This site uses cookies. By continuing to use this site you agree to our use of cookies. To find out more, see our Privacy and Cookies policy.
Skip to the content

Share this

Free weekly newswire

Sign up to receive all our latest news direct to your inbox.

Physics on film

100 Second Science Your scientific questions answered simply by specialists in less than 100 seconds.

Watch now

Bright Recruits

At all stages of your career – whether you're an undergraduate, graduate, researcher or industry professional – brightrecruits.com can help find the job for you.

Find your perfect job

Physics connect

Are you looking for a supplier? Physics Connect lists thousands of scientific companies, businesses, non-profit organizations, institutions and experts worldwide.

Start your search today

Blog

When reading popular-science books, what do you find most stimulating?

By James Dacey

Earlier this week we at Physics World revealed our top 10 popular-physics books of the year as we released this specially recorded podcast. I won’t spoil the surprise by mentioning any of the titles here, but I can say that the list spans a wide variety of books, including biographies, the history of physics and even a tome about cookery.

hands smll.jpg

As with any “best of” listing exercise, we fully expect that some listeners will disagree with our choices and some may feel strongly that other books have been cruelly overlooked. Of course, there is always going to be some degree of subjectivity in making these choices, and it is not always straightforward to explain what lifts a book from being great to being inspirational. But give the podcast a listen and let us know what you think about our choices by posting a comment on the accompanying article.

In the meantime, it would be great if you could share your thoughts on popular science in general writing by responding to our poll question.

When reading popular-science books, what do you find most stimulating?

The technical details underpinning the science
The personal stories of the scientists
The impact of the science on culture and society
The sense of wonder conveyed by the author

To cast your vote, please visit our Facebook page, and feel free to explain your answer by posting a comment.

In last week’s poll we wanted to gauge your opinion on a topic close to the hearts of both nuclear physicists and chemists. We asked whether you liked the names flerovium and livermorium, which have recently been proposed by the International Union of Pure and Applied Chemistry (IUPAC) for the two new elements 114 and 116, respectively.

Flerovium was devised because both elements were created in 2004 by researchers at the Joint Institute for Nuclear Research (JINR) in Dubna, Russia, which was founded by the prominent Soviet nuclear physicist Georgi Flerovm. Livermorium arose because both elements were confirmed by scientists at the Lawrence Livermore National Laboratory (LLNL) in California and the Centre for Heavy Ion Research (GSI) in Darmstadt, Germany. (The German contribution is not recognized because the element Darmstadtium already exists.)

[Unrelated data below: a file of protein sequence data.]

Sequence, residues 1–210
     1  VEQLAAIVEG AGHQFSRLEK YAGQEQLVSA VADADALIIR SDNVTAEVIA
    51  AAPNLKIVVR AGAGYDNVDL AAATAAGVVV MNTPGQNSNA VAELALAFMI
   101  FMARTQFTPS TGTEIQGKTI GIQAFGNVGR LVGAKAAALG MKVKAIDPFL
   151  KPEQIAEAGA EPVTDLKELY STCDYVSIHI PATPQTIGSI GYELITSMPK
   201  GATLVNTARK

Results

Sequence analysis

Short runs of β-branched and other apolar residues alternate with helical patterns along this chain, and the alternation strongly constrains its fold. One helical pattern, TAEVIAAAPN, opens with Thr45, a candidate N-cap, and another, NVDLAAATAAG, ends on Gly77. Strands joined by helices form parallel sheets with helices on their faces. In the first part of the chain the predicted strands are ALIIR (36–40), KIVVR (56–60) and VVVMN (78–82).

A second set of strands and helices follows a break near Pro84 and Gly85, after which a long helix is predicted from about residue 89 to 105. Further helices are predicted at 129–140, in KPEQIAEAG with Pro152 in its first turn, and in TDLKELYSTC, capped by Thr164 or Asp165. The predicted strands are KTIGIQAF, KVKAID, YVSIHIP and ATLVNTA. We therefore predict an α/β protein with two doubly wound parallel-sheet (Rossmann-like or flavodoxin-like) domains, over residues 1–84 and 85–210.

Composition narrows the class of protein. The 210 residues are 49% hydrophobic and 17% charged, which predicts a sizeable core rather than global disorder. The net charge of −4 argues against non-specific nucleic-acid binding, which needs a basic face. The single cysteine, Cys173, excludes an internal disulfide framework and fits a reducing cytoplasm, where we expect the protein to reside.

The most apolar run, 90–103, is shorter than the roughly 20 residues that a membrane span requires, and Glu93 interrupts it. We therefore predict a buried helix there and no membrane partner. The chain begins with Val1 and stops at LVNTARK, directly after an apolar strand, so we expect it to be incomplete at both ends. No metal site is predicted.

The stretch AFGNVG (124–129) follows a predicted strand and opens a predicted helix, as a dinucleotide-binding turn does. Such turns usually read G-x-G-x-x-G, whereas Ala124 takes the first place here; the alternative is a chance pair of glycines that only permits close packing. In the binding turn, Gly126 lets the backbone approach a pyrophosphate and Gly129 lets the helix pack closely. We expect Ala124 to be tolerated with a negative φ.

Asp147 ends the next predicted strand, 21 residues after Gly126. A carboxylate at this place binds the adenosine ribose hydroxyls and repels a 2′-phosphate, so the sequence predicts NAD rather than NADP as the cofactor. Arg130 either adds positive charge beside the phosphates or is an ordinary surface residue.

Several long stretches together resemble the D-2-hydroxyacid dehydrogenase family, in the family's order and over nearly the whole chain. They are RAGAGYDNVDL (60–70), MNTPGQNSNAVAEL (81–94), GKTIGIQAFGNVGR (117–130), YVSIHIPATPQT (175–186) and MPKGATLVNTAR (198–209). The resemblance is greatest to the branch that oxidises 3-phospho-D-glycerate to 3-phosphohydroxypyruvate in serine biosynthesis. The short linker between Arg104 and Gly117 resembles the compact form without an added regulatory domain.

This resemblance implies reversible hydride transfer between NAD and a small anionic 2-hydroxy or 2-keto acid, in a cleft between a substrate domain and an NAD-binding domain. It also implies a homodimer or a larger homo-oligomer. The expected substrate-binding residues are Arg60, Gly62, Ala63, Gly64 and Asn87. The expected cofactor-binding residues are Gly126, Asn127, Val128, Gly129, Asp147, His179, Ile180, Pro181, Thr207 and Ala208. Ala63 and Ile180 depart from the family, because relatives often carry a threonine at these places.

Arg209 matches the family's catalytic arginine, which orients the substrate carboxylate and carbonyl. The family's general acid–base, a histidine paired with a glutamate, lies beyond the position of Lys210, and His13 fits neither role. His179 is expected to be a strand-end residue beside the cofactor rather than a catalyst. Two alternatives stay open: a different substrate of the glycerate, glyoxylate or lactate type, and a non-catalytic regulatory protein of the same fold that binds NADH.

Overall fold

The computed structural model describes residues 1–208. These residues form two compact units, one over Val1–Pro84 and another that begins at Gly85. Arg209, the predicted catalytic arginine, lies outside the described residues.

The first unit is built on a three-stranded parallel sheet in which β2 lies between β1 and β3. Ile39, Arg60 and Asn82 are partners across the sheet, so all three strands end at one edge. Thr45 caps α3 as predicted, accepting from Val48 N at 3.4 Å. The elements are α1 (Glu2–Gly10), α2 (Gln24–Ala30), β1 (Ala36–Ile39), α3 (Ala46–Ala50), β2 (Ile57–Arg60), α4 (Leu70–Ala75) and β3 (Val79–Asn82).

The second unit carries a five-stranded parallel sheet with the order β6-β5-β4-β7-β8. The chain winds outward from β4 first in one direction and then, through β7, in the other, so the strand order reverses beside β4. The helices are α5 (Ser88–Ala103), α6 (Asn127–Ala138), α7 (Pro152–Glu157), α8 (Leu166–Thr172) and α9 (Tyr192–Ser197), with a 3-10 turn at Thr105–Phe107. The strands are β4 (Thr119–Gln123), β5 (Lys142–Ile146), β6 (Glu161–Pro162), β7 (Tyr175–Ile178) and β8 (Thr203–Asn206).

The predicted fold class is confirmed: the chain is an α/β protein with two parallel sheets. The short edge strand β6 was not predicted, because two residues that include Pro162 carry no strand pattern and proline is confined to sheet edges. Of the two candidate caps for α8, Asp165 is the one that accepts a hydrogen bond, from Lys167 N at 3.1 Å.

Despite this relatively logical approach to naming, it seems that many respondents are not too impressed with the proposals. Just 30% selected “I like both”, while 49% opted for “they’re boring and unimaginative”. Some 13% said they “like flerovium but not livermorium”. And just 8% said the converse, they “like livermorium but not flerovium”. One pollster, Chandan Dasgupta based in Calcutta, India, took a particular dislike to flerovium, commenting that it “sounds like a health drink!”.

Thank you for all your responses and we look forward to hearing from you again in this week’s poll.

This entry was posted in General. Bookmark the permalink.
View all posts by this author  | View this author's profile

Leave a comment

Your e-mail address will not be published. Required fields are marked *

Guidelines

  • Comments should be relevant to the article and not be used to promote your own work, products or services.
  • Please keep your comments brief (we recommend a maximum of 250 words).
  • We reserve the right to remove excessively long, inappropriate or offensive entries.

Show/hide formatting guidelines

Tag Description Example Output
<a> Hyperlink <a href="http://www.google.com">google</a> google
<abbr> Abbreviation <abbr title="World Health Organisation" >WHO</abbr> WHO
<acronym> Acronym <acronym title="as soon as possible">ASAP</acronym> ASAP
<b> Bold <b>Some text</b> Some text
<blockquote> Quoted from another source <blockquote cite="http://iop.org/">IOP</blockquote>
IOP
<cite> Cite <cite>Diagram 1</cite> Diagram 1
<del> Deleted text From this line<del datetime="2012-12-17"> this text was deleted</del> From this line this text was deleted
<em> Emphasized text In this line<em> this text was emphasised</em> In this line this text was emphasised
<i> Italic <i>Some text</i> Some text
<q> Quotation WWF goal is to build a future <q cite="http://www.worldwildlife.org/who/index.html">
where people live in harmony with nature and animals</q>
WWF goal is to build a future
where people live in harmony with nature and animals
<strike> Strike text <strike>Some text</strike> Some text
<strong> Stronger emphasis of text <strong>Some text</strong> Some text
WordPress Appliance - Powered by TurnKey Linux